The left and the media (and some NeverTrumpers … mea culpa)  embraced him, because they wanted so badly for him to be the hero they imagined he was. They believed him, because they wanted so badly to believe. Unfortunately, it’s a foible that plays right into Trump’s hands. The willingness of his critics to occasionally go off the rails and substitute fan fiction for hard facts feeds his fever dream of persecution.

Until she blew herself up with stories about the “marshal of the Supreme Court” and impeachment, Louise Mensch also was widely regarded as a credible critic of the president. As Katy Waldman wrote at Slate:

Mensch is the paranoid bard of the age of Trump. While more sober outlets reel from the president’s madness and question whether the sky is blue, she deftly weaves plentiful, narcotic tales about Russian infiltration. She has become a new stock character in this shambolic White House opera: the liberal conspiracy theorist, remaking a certain corner of progressive discourse in the image of Breitbart News and Infowars.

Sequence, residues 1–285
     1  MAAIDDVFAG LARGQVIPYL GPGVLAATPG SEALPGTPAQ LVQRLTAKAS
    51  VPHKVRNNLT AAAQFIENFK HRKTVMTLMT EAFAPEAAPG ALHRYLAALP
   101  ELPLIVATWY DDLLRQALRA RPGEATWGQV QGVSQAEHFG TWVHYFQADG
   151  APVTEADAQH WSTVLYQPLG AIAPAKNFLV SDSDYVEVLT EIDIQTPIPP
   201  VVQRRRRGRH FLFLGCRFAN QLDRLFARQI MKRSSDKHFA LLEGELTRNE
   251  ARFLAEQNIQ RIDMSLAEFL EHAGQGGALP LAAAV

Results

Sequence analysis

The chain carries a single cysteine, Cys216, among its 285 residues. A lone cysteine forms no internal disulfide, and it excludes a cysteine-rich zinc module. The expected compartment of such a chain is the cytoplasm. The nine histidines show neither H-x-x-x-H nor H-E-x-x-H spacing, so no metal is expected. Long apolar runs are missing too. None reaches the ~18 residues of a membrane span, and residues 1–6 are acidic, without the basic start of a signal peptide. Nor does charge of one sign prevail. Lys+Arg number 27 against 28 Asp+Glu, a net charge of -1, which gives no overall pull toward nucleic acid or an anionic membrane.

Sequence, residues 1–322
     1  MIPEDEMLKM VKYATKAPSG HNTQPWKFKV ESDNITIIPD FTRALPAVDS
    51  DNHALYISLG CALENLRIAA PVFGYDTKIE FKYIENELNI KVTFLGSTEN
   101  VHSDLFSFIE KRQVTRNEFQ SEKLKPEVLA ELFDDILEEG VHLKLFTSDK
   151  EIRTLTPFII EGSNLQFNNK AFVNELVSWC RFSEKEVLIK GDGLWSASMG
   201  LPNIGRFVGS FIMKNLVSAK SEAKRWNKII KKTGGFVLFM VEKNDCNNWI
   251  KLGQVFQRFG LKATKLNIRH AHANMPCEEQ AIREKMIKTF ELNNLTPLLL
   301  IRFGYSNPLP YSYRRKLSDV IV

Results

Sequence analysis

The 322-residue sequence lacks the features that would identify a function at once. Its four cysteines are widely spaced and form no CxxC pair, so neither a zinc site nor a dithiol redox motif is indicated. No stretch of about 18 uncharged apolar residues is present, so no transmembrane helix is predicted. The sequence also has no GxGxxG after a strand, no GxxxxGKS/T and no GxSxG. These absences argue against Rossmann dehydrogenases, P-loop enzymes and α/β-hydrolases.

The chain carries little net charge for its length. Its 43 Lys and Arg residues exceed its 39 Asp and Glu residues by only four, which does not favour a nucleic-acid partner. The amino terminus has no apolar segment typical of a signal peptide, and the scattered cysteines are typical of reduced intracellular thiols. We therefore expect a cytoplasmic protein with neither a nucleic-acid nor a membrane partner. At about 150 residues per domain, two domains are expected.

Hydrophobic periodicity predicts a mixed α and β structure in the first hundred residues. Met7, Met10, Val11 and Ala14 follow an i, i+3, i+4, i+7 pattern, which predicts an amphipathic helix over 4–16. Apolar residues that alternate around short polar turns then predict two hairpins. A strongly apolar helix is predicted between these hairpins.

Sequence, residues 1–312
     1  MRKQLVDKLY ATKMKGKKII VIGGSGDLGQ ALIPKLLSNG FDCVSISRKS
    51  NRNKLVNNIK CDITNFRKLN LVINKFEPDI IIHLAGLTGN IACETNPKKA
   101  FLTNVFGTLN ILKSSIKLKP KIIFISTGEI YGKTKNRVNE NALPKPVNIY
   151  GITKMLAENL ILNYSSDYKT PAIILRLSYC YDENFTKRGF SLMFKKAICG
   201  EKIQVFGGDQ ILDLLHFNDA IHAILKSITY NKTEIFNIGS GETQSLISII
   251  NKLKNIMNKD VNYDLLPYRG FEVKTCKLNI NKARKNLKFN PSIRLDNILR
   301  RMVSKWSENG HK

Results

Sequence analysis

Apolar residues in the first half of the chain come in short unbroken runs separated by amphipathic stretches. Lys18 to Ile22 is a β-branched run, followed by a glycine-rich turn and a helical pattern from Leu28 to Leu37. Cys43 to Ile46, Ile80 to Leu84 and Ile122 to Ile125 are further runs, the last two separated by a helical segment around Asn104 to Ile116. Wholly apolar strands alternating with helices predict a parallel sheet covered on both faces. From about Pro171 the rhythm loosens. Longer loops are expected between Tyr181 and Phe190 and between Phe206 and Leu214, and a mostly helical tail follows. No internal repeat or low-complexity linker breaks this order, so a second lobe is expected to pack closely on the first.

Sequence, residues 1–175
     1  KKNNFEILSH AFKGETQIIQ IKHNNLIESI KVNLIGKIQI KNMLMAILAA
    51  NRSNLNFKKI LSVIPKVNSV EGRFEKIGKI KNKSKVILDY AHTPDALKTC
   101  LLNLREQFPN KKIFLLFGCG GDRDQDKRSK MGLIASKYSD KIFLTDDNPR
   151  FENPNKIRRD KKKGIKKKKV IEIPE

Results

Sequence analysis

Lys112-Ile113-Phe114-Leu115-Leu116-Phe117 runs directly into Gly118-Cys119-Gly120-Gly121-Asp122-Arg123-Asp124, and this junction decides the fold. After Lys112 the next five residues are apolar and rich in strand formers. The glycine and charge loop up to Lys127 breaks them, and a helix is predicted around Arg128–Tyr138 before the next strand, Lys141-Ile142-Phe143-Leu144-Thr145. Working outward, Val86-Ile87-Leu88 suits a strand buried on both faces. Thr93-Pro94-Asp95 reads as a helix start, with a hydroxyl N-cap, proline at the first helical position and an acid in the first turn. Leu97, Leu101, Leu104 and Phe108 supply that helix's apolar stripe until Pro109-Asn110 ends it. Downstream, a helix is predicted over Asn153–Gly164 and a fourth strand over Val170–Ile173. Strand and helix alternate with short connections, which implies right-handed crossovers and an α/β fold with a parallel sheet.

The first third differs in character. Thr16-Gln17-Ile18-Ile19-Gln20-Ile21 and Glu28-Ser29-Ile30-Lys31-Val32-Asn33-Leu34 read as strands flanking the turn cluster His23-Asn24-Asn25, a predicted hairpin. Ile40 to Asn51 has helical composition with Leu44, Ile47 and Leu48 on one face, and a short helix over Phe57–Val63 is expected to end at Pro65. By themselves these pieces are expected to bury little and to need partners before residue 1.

As late as March 2017, the New York Times published an opinion piece by Mensch explaining, “What to Ask About Russian Hacking.”

Avenatti never approached Mensch’s levels of batshittery, but he was also a creature of the eager and willing credulity of folks who really ought to know better.

Which brings us to a more immediate test: the return of Michael Woolf.

Reportedly, Woolf plans to follow up on his lucrative but disingenuous best-seller, Fire and Fury, this summer.

Did we learn anything from the last time around?

Writing for the late Weekly Standard, Matt Labash, described Woolf’s original tome as “The Book That Ate Washington.”

Everyone who was anyone read it, or pretended to; the book was a massive, record-shattering best-seller. Woolf was everywhere, enjoying nearly Avenatti-level celebrity (even before Avenatti was a thing.)

And then people realized that it was a hot mess; sloppy, error-ridden, and dishonest.

Again, there had been warnings, but they were ignored, because what Woolf was offering was just so juicy.